Centrifuge Model Tests Investigating Initiation and Propagation of Pile Tip Damage during Driving

Research output: Contribution to journalArticlepeer-review

2 Citations (Scopus)


A number of incidents of pile tip damage and extrusion buckling have been reported within the offshore industry, generally arising during driving of relatively thin-walled tubular pile foundations through hard layers or potentially heterogeneous sediments. The issue has become of particular concern with modern trends toward larger diameter piles, with higher ratios of diameter to wall thickness, for monopile or jacket foundations of offshore wind turbines. The paucity of good-quality data available in the public domain about this kind of failure has impaired the development of simple design guidelines for industry to address the issue. The paper presents results from a series of centrifuge model tests where pile tip damage and extrusion buckling were observed during driving of either (1) undamaged cylindrical piles into a sand bed containing a layer of different sizes of boulders, or (2) predented piles into medium dense homogeneous sand. Following a previously reported pilot study, a new and higher energy model pile-driving hammer was designed to permit driving through the hard layers and allow pile embedment by up to five diameters. Two test beds were prepared, one of which contained boulder layers of different sizes either near the surface or at a depth of about one pile diameter, into which piles of two different diameter to wall thickness ratios were driven. The test series led to observations of pile tip damage that ranged from abrupt tip crumpling to gradual extrusion buckling. For 2 of the 22 piles installed, dent growth during installation was detected by optical fiber sensors attached to the piles. For the uninstrumented piles, damage was deduced from the trends in blow counts during installation, with later confirmation from detailed visual inspections and laser scanning, and also from careful layer by layer excavation of each sample. The high-quality database generated from the model tests forms a valuable resource for further study and validation of advanced numerical models to simulate pile tip damage and for calibration of simple guidelines for practical design.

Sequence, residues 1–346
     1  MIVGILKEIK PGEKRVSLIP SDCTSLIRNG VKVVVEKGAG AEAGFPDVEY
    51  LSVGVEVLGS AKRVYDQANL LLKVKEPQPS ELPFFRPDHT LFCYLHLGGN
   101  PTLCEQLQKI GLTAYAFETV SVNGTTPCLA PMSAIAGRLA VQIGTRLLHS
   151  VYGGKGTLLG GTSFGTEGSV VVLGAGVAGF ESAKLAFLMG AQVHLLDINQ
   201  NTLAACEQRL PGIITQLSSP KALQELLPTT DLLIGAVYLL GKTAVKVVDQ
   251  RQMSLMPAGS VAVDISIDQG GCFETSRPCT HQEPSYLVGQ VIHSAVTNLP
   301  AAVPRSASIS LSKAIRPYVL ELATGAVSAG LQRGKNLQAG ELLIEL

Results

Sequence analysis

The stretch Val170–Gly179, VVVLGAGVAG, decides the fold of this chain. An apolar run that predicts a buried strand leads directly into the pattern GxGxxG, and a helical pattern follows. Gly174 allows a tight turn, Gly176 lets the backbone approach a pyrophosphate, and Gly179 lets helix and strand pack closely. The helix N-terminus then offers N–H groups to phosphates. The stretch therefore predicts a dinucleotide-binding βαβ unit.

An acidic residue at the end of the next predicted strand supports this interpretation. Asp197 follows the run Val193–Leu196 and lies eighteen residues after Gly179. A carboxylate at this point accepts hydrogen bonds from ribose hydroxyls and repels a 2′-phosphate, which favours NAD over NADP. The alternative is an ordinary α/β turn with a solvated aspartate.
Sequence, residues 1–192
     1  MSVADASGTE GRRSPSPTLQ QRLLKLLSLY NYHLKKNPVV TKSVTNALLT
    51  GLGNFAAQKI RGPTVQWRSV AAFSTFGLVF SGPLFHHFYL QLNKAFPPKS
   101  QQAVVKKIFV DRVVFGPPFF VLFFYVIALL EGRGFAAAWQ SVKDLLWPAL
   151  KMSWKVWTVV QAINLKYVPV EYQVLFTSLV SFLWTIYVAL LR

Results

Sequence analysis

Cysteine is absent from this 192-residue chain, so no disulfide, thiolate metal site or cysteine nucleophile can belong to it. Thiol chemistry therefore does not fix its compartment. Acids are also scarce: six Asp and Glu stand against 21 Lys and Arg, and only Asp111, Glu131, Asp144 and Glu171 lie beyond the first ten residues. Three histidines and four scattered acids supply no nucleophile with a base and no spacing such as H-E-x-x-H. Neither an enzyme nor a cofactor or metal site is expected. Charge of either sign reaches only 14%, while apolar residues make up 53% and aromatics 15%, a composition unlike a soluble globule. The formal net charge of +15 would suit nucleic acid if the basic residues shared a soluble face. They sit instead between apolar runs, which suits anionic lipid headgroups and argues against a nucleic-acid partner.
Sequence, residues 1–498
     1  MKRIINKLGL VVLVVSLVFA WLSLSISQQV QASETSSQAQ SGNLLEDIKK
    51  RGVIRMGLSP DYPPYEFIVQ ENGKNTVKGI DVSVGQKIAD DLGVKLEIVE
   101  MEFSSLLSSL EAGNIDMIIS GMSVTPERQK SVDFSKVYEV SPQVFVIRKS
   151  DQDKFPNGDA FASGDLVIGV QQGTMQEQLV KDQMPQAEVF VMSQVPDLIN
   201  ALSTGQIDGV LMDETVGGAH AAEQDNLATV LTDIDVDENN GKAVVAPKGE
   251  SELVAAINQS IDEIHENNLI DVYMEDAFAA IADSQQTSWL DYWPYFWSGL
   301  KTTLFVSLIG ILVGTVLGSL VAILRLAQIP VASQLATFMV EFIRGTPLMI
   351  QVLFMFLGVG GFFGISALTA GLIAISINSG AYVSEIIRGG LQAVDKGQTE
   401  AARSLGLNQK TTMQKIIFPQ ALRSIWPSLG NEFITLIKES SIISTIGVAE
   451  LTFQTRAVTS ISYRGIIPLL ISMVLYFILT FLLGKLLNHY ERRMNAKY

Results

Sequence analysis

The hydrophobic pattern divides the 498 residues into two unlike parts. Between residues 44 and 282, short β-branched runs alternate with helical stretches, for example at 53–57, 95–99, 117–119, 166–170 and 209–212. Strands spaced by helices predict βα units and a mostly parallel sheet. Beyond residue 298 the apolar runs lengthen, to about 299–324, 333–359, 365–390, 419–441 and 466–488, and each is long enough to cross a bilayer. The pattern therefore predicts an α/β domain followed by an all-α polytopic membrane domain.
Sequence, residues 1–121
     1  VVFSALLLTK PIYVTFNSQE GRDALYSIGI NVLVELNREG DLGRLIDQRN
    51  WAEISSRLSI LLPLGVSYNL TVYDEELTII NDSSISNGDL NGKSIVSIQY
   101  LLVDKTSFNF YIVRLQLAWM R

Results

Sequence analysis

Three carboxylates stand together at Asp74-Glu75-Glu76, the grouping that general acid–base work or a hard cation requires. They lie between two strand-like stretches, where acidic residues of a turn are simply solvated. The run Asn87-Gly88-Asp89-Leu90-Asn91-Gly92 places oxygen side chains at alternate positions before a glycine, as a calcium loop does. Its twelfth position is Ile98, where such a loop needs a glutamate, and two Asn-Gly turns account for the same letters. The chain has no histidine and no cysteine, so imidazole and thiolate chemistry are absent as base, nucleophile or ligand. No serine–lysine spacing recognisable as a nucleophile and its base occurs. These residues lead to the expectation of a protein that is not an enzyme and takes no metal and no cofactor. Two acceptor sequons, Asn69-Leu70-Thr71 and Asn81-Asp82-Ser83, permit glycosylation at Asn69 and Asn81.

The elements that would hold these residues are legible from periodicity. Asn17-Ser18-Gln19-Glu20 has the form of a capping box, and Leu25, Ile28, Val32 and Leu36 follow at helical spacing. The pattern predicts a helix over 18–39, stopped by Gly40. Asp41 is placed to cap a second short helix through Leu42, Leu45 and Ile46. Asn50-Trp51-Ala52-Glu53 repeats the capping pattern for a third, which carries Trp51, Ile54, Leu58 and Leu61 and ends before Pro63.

Original languageEnglish
Article number04023024
JournalJournal of Geotechnical and Geoenvironmental Engineering
Issue number5
Publication statusPublished - 1 May 2023


Dive into the research topics of 'Centrifuge Model Tests Investigating Initiation and Propagation of Pile Tip Damage during Driving'. Together they form a unique fingerprint.

Cite this